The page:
Euler-Lagrange's equations for a Lagrangian $L$ read $$\frac{d}{dt}\frac{\partial L}{\partial \bf v} = \frac{\partial L}{\partial \bf x} .$$ More precisely, the statement is that a trajectory $\gamma:\mathbb R\to M$ that minimises the corresponding action $\gamma\mapsto \int L\circ d\gamma$, satisfies the equation $$A_L[\gamma] \equiv (\partial_{\bf x}L)\circ d\gamma - (\partial_{\bf v}L\circ d\gamma)' = 0.\tag1$$ Here, $M$ is the configuration space; I'm thinking of the Lagrangian as a map $L:TM\to\mathbb R$ defined on the tangent bundle of $M$ (though I suppose this is strictly the case only when $L$ does not depend explicitly on the time), and the differential is understood as the mapping $$d\gamma:\mathbb R\to TM:t\mapsto (\gamma(t),d\gamma_t(\partial_t))\simeq (\gamma(t),\gamma'(t)).$$

In (1), I defined the operator $A_L$ mapping curves $\gamma:[a,b]\to M$ into functions $[a,b]\to\mathbb R$. Euler-Lagrange's equations, in terms of this operator, thus say that if $\gamma$ is stationary for the action, then $A_L[\gamma]$ is the zero function.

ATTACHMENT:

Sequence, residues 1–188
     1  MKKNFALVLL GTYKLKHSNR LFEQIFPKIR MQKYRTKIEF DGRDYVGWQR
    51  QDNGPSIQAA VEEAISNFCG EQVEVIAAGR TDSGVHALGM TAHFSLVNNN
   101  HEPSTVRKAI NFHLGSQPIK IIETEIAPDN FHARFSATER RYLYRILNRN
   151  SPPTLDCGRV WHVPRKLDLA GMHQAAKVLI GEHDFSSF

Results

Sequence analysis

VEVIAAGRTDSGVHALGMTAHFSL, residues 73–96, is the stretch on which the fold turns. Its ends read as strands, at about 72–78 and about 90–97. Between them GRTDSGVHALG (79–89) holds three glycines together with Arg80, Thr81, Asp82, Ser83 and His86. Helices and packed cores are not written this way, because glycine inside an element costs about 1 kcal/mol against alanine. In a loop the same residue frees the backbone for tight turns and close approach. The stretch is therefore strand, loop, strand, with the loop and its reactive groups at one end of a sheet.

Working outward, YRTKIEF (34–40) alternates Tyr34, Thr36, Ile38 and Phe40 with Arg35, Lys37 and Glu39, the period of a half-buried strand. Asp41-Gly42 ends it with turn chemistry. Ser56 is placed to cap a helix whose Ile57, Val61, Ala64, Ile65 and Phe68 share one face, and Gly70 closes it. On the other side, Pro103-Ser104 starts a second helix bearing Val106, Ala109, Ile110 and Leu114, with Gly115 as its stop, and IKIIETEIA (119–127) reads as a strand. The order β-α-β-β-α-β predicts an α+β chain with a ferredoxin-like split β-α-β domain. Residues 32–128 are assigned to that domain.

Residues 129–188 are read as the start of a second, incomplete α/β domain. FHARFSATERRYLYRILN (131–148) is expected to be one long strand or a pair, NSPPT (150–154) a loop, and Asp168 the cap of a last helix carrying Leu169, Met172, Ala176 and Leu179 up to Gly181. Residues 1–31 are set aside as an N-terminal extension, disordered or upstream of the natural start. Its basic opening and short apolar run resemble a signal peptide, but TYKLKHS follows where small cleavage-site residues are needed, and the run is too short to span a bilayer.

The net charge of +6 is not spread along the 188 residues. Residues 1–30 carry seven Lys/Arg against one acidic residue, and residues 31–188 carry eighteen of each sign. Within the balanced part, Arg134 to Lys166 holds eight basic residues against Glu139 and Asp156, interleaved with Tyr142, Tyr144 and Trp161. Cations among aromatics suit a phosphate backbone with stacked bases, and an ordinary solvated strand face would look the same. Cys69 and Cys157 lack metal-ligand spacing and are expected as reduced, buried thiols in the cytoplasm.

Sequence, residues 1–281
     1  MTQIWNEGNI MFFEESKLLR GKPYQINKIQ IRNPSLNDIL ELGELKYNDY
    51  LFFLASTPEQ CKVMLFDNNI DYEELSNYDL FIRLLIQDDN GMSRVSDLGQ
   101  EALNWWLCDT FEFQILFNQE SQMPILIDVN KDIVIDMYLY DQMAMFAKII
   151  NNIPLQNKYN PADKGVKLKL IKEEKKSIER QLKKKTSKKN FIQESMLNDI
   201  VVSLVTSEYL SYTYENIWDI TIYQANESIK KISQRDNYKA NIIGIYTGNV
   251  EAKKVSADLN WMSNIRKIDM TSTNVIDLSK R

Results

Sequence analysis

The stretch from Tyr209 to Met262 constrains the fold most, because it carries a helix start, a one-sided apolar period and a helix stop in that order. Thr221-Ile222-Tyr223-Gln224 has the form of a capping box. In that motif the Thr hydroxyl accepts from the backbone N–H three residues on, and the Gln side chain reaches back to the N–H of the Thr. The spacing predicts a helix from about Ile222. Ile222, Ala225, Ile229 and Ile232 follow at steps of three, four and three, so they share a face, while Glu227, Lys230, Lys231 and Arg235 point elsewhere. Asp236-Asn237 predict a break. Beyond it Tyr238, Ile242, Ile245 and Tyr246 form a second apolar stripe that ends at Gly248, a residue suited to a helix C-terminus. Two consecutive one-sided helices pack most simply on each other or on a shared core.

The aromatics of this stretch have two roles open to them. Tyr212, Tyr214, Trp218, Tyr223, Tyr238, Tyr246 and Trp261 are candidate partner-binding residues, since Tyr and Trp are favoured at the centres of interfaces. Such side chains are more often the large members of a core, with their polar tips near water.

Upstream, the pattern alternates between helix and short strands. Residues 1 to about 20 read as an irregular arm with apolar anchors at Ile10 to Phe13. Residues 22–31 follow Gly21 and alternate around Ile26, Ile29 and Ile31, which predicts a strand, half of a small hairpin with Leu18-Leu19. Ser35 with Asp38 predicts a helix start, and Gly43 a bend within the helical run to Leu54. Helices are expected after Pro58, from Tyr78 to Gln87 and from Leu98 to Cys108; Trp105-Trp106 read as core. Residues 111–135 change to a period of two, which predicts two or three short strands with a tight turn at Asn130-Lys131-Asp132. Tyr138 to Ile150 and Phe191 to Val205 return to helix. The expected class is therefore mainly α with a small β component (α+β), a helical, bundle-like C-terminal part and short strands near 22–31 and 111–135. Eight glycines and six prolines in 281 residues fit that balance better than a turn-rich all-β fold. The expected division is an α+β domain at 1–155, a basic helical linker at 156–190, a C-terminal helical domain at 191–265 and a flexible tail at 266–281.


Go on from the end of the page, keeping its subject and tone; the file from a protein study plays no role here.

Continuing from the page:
Is there a way to understand this operator $A_L$ on more general/abstract/geometric grounds? More specifically, does the specific structure of the differentials in the expression $\frac{\partial}{\partial\bf x}-\frac{d}{dt}\frac{\partial}{\partial \bf v}$ somehow arise geometrically?

  • 2
    $\begingroup$ You've already written down an essentially geometric interpretation - the zero locus $A_L^{-1}(0)\subset C^1([a,b],M)$ is the space of solutions for the equations of motion. Can you be a bit more specific what you're looking for? $\endgroup$
    – ACuriousMind
    Apr 25, 2021 at 11:17
  • $\begingroup$ @ACuriousMind I'm asking whether the specific structure of the differential operators in this expression can be seen as arising from some geometric principle. Whether $A_L$ comes "naturally" from some more general idea/operation. An answer like "$A_L$ arises from the exterior derivative of $L\circ d\gamma$" would be the ideal one (I know that is not the case and is nonsense, I'm just giving an example of the kind of answer I'm hoping for) $\endgroup$